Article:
Skipping State of the Union is a Supreme Court tradition regardless of who's president

The State of the Union address is one of the most important speeches a President can give. But what is the importance behind such a moment. Veuer's Nick Cardona (@nickcardona93) has that story.

WASHINGTON - Supreme Court Justice Ruth Bader Ginsburg will be the most notable member of the high court to skip President Trump's first State of the Union address Tuesday night, but she likely won't be the only one.

If history is a guide, Ginsburg — who attended all of President Barack Obama's annual speeches — will be joined in absentia at least by conservative Justices Clarence Thomas and Samuel Alito.

Boycotting the presidential address, it seems, isn't based on politics. Or is it?

Ginsburg, 84, showed her disdain for Trump during the 2016 presidential campaign — no doubt, when she thought he had little chance of winning. She called him a "faker" who "really has an ego" in media interviews. Trump, never one to take an insult without responding, tweeted that Ginsburg's "mind is shot" and urged her to resign.

The court's eldest justice attended Trump's inauguration on the west front of the Capitol a year ago but skipped his speech to Congress a month later. This year, at least, she has an excuse — she is delivering two speeches in Rhode Island Tuesday.

Conservatives Thomas and Alito have been no-shows for years — in Alito's case, since he was caught by TV cameras during Obama's 2010 remarks shaking his head and mouthing the words "not true" when the president criticized the high court's ruling upholding the right of corporations to spend unlimited amounts in political campaigns.

At least five justices usually show up for the speech, but that doesn't mean they like being there. Chief Justice John Roberts — who has been accompanied in recent years by Justices Anthony Kennedy, Stephen Breyer, Sonia Sotomayor and Elena Kagan — has likened the affair to a "political pep rally" in which the justices sit like potted plants while members of Congress hoot and holler behind them.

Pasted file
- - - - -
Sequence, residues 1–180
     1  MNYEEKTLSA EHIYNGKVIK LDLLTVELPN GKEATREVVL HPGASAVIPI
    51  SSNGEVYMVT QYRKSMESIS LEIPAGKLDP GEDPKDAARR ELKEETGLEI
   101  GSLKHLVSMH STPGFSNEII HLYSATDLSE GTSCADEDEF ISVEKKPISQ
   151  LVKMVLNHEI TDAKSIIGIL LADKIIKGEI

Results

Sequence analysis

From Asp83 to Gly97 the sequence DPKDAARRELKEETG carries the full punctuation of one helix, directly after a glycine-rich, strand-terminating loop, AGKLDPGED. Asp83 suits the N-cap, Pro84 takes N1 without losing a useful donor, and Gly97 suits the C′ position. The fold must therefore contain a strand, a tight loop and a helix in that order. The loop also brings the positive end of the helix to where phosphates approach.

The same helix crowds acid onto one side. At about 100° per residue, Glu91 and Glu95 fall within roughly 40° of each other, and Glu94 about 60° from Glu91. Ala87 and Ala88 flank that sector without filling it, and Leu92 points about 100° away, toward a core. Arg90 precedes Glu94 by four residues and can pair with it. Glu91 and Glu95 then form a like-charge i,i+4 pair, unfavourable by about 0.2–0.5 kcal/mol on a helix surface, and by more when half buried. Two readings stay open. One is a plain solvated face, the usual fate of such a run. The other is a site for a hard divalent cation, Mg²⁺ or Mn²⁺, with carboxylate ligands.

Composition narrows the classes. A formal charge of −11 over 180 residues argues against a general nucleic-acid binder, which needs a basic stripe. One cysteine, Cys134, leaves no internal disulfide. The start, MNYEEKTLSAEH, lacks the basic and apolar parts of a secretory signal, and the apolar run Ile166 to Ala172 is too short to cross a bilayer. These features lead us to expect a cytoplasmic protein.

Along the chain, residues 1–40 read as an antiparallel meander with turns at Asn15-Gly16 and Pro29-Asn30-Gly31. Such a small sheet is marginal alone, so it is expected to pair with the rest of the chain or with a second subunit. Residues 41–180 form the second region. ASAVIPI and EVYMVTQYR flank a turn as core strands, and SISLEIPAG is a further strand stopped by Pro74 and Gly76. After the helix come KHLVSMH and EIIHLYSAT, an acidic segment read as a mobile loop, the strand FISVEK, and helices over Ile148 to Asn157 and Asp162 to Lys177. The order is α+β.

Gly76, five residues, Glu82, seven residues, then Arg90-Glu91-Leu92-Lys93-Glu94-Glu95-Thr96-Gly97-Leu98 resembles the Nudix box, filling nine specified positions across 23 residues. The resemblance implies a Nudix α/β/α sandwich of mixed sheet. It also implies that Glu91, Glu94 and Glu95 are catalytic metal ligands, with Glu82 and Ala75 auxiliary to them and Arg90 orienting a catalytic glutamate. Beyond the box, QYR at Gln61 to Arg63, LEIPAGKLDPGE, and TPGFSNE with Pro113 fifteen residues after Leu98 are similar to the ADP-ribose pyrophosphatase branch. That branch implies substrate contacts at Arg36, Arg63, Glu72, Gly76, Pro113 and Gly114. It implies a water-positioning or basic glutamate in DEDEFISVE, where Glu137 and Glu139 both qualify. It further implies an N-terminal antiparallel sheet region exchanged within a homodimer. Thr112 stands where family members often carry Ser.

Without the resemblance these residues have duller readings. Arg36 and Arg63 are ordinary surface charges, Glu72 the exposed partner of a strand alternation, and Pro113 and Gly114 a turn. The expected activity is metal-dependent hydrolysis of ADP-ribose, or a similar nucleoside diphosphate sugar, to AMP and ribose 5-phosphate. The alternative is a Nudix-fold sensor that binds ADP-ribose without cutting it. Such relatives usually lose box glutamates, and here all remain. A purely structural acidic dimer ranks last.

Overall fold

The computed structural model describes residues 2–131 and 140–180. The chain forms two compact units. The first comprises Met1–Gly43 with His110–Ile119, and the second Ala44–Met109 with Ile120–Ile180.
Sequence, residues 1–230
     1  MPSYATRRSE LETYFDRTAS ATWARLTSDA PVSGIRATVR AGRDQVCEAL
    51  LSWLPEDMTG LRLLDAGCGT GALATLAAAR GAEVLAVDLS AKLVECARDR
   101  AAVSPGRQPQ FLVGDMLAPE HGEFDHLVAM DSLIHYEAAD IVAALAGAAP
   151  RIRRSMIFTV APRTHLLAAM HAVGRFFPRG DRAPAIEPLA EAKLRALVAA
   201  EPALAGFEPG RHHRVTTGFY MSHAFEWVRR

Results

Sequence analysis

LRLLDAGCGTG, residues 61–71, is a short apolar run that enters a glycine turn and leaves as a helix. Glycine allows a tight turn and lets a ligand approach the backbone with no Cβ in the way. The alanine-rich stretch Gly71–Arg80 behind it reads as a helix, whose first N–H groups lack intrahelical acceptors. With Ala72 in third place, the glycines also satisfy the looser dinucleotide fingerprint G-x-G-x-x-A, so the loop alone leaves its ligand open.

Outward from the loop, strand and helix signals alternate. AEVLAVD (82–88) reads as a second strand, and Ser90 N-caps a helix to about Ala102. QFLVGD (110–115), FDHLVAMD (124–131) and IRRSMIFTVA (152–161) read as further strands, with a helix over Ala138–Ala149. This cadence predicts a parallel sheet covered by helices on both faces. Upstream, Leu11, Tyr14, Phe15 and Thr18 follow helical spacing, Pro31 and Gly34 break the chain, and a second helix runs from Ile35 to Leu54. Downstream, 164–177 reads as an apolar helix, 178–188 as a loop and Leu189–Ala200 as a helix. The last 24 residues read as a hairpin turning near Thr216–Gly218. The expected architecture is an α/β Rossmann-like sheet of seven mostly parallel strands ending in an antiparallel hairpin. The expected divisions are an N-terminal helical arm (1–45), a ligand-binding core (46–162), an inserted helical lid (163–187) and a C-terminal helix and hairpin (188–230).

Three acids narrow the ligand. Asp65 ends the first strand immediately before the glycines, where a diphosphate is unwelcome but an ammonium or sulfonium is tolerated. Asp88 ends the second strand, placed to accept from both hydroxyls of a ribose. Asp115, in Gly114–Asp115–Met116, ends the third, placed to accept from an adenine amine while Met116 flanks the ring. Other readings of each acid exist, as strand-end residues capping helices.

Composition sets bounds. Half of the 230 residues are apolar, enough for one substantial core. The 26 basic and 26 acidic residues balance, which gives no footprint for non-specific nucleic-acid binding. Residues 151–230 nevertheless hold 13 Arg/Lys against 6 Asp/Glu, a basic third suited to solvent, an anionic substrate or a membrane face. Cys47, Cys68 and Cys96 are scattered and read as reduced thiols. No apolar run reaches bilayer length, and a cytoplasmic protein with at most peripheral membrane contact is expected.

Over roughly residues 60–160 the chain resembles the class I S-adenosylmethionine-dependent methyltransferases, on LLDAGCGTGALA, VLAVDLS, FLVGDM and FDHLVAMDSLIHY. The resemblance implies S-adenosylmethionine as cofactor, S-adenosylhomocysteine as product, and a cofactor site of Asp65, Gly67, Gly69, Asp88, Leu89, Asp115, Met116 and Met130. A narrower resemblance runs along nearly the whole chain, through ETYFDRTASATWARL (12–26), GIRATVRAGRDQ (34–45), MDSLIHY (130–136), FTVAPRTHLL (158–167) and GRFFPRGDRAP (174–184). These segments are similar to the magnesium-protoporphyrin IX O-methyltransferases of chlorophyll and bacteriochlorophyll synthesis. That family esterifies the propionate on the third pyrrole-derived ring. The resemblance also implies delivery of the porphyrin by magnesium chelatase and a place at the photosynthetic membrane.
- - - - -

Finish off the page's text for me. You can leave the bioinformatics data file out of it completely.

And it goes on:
Given that Trump nominated him to the ninth seat on the court, Justice Neil Gorsuch is considered likely to attend as well. That would be a change from his predecessor, the late Justice Antonin Scalia, who considered the State of the Union address to be a "childish spectacle" and skipped it the last two decades of his tenure.

If Gorsuch or any of the other justices decided to do something else Tuesday night, they would be in good company, from a historical perspective. It's not uncommon for justices to skip the event. William Rehnquist often did not attend toward the end of his tenure as chief justice; former Justice John Paul Stevens never showed up. 

For all the applause and standing ovations that greet the president — at least from his side of the political aisle — it hasn't stopped Ginsburg from dozing off during past speeches. In 2013 and 2015, she was seen with her head drooping toward her lap.

After the second such spectacle, Ginsburg explained why she had trouble staying awake. The justices had dined beforehand, a meal which included some excellent California wine supplied by Kennedy, the court's lone Californian.

"I wasn't 100% sober," she said.

© 2018 USATODAY.COM


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